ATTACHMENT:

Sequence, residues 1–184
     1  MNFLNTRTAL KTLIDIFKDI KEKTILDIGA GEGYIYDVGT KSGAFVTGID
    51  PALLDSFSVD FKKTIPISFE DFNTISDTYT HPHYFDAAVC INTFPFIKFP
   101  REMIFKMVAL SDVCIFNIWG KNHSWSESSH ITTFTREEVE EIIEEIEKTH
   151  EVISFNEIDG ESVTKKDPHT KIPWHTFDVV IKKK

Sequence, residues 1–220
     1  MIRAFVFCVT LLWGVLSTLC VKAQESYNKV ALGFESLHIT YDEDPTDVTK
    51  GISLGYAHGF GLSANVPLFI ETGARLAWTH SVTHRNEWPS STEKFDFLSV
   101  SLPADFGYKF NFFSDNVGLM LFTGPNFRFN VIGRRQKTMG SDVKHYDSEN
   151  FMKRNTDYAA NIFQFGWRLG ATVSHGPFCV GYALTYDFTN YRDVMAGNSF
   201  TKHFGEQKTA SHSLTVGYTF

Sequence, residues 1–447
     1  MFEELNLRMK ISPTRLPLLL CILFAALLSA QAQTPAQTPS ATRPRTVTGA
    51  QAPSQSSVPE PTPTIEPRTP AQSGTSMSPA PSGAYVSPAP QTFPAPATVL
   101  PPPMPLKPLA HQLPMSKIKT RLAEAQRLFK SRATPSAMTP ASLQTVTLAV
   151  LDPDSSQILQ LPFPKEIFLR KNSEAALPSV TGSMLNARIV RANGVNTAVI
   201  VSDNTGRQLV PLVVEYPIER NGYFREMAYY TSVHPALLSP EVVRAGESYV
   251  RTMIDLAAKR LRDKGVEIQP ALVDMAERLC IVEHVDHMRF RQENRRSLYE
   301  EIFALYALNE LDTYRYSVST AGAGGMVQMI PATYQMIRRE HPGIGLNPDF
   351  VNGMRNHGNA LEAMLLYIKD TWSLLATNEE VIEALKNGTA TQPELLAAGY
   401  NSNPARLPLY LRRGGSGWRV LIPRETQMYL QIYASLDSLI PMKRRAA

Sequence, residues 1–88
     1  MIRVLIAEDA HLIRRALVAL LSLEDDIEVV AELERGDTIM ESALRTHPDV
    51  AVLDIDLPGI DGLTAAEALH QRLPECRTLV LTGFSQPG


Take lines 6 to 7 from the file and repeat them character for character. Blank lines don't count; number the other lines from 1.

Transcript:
Sequence, residues 1–220
     1  MIRAFVFCVT LLWGVLSTLC VKAQESYNKV ALGFESLHIT YDEDPTDVTK